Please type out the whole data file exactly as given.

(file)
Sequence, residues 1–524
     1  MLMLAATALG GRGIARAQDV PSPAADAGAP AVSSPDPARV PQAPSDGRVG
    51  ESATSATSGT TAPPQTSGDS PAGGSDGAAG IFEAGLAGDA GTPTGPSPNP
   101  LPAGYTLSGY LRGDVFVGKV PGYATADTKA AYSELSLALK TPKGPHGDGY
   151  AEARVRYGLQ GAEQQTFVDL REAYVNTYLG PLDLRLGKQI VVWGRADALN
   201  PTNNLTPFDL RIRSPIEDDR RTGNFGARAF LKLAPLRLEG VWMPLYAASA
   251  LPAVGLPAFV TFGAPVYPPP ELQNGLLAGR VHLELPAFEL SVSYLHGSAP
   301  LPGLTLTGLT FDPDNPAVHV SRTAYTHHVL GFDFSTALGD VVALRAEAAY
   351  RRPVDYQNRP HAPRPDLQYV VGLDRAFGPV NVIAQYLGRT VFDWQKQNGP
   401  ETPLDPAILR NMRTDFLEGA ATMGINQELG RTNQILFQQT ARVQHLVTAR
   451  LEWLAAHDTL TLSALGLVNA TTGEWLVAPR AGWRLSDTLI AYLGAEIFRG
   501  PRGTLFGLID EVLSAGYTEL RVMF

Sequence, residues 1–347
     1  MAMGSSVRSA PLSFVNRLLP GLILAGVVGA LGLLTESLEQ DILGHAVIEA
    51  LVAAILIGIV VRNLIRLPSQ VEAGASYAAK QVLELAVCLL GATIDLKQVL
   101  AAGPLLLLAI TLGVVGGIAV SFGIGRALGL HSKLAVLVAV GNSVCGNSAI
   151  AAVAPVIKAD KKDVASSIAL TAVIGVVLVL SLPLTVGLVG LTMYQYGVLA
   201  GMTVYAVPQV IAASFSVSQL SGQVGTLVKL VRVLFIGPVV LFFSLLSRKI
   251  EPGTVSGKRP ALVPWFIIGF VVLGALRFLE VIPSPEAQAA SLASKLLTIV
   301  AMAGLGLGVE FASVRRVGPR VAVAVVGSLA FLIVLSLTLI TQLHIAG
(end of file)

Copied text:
Sequence, residues 1–524
     1  MLMLAATALG GRGIARAQDV PSPAADAGAP AVSSPDPARV PQAPSDGRVG
    51  ESATSATSGT TAPPQTSGDS PAGGSDGAAG IFEAGLAGDA GTPTGPSPNP
   101  LPAGYTLSGY LRGDVFVGKV PGYATADTKA AYSELSLALK TPKGPHGDGY
   151  AEARVRYGLQ GAEQQTFVDL REAYVNTYLG PLDLRLGKQI VVWGRADALN
   201  PTNNLTPFDL RIRSPIEDDR RTGNFGARAF LKLAPLRLEG VWMPLYAASA
   251  LPAVGLPAFV TFGAPVYPPP ELQNGLLAGR VHLELPAFEL SVSYLHGSAP
   301  LPGLTLTGLT FDPDNPAVHV SRTAYTHHVL GFDFSTALGD VVALRAEAAY
   351  RRPVDYQNRP HAPRPDLQYV VGLDRAFGPV NVIAQYLGRT VFDWQKQNGP
   401  ETPLDPAILR NMRTDFLEGA ATMGINQELG RTNQILFQQT ARVQHLVTAR
   451  LEWLAAHDTL TLSALGLVNA TTGEWLVAPR AGWRLSDTLI AYLGAEIFRG
   501  PRGTLFGLID EVLSAGYTEL RVMF

Sequence, residues 1–347
     1  MAMGSSVRSA PLSFVNRLLP GLILAGVVGA LGLLTESLEQ DILGHAVIEA
    51  LVAAILIGIV VRNLIRLPSQ VEAGASYAAK QVLELAVCLL GATIDLKQVL
   101  AAGPLLLLAI TLGVVGGIAV SFGIGRALGL HSKLAVLVAV GNSVCGNSAI
   151  AAVAPVIKAD KKDVASSIAL TAVIGVVLVL SLPLTVGLVG LTMYQYGVLA
   201  GMTVYAVPQV IAASFSVSQL SGQVGTLVKL VRVLFIGPVV LFFSLLSRKI
   251  EPGTVSGKRP ALVPWFIIGF VVLGALRFLE VIPSPEAQAA SLASKLLTIV
   301  AMAGLGLGVE FASVRRVGPR VAVAVVGSLA FLIVLSLTLI TQLHIAG